Foreign Objects in the BodyIn medical terms, a foreign object is something that is in the body but does not belong there. It may be inserted into the body accidentally or...
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In medical terms, a foreign object is something that is in the body but does not belong there. Foreign objects may be inserted into the body accidentally or intentionally. They are also sometimes swallowed. They can become lodged or stuck in various parts of the body, such as the ears, nose, eyes, and airways. Children are most likely to get foreign objects lodged in their body (Lucile Packard Children’s Hospital at Stanford).
Young children may place objects into their ears for various reasons. Often, they are playing or copying another child. Objects that commonly become stuck in the ear are crayon tips, toys, and food.
Children also commonly place objects into their noses. These objects often include pencil erasers, nuts, and small toys.
When a foreign object becomes trapped in an airway, it can cause a life-threatening medical situations. A foreign object may interfere with breathing. Both children and adults can accidentally inhale objects that are in their mouths. Children are especially prone to this. Objects that pass into an airway can sometimes move into the stomach. Coins are the object most commonly swallowed by children (University of Chicago).
In some cases, an object can become lodged in the body accidentally. For instance, a person can unintentionally swallow an object he or she was holding in the mouth, such as a toothpick or a nail.
In other cases, a foreign object may be inserted and become lodged in the rectum due to a desire for sexual stimulation. People with psychiatric disorders may also put foreign objects in their body due to psychotic behavior.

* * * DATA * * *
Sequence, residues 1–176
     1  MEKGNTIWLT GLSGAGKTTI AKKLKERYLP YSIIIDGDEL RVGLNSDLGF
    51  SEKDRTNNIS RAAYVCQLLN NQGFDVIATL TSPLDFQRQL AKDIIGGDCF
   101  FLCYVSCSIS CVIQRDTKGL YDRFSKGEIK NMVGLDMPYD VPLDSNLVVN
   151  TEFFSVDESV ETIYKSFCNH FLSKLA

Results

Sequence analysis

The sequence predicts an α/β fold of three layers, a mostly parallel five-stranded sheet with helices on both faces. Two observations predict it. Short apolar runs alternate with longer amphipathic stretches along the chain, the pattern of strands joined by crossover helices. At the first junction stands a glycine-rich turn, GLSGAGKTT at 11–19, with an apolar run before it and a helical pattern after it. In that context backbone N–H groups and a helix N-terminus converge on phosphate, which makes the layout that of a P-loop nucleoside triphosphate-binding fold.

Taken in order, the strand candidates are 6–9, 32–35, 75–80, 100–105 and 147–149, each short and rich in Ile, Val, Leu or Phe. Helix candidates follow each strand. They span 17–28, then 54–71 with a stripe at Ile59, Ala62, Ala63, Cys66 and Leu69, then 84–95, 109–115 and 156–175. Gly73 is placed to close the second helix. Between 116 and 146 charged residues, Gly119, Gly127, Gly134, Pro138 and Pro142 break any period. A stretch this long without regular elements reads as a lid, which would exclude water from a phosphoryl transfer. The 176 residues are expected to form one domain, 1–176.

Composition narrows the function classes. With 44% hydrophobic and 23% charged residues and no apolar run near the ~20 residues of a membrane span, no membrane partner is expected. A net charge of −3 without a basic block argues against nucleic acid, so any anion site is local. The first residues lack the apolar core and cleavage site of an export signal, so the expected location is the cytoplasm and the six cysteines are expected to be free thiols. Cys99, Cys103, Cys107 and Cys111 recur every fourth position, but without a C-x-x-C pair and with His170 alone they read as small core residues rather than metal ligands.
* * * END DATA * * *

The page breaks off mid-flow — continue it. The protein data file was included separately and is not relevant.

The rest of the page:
The natural curiosity of young children may cause them to put small objects in their noses or ears. Young children also often put things in their mouths. This can lead to objects becoming stuck in an airway.
Symptoms of a foreign object in the body will depend on the location of the object.
Some common symptoms include:
- Pain: Discomfort may range from mild to severe.
- Nasal drainage: If objects are inserted into the nose, nasal drainage may occur.
- Choking: If an object is stuck in the airway, it can cause choking and symptoms such as coughing and wheezing.
- Breathing problems: An object blocking an airway may cause difficulty breathing.
A diagnosis of a foreign object in the body is made through talking with the patient or a family member and getting a history to determine what object was inserted and where. A physical exam will also be performed. In some instances, the doctor may be able to see the object. An X-ray can also be used to determine where a foreign object is in the body.
The treatment for a foreign body involves removing the object. The ease or difficulty of this process depends on where in the body the object is. If the object cannot be removed at home and medical attention is needed, treatment may include:
- A suction machine can be used to pull the object out of the nose or ear.
- An esophagoscopy can be used in cases where an object is lodged in the airway. This involves inserting a small scope in order to view and remove the object.
- Retractors may also be used to remove an object.
Surgery is sometimes necessary if other methods of removal don’t work. Additional treatment may involve treating any damage the object has caused.
The prognosis for a foreign object in the body depends on the location of the object. In many cases, the object can be successfully removed without complications.
Since young children are at the highest risk of putting foreign objects in their bodies, prevention involves keeping small objects out of reach.
Medically Reviewed by: George Krucik, MD, MBA
Published: Oct 18, 2013
Last Updated: Oct 18, 2013
Published By: Healthline Networks, Inc.
- Foreign bodies in the ear, nose and airway. (n.d.) Lucile Packard Children’s Hospital at Stanford. Retrieved September 8, 2013, from http://www.lpch.org/DiseaseHealthInfo/HealthLibrary/ent/foreign.html
- Ingestion of foreign bodies. (n.d). University of Chicago. Retrieved September 8, 2013, from http://pedclerk.bsd.uchicago.edu/page/ingestion-foreign-bodies
- Foreign object inhaled or swallowed. (n.d) Medline Plus. Retrieved September 8, 2013, from http://www.nlm.nih.gov/medlineplus/ency/article/000036.htm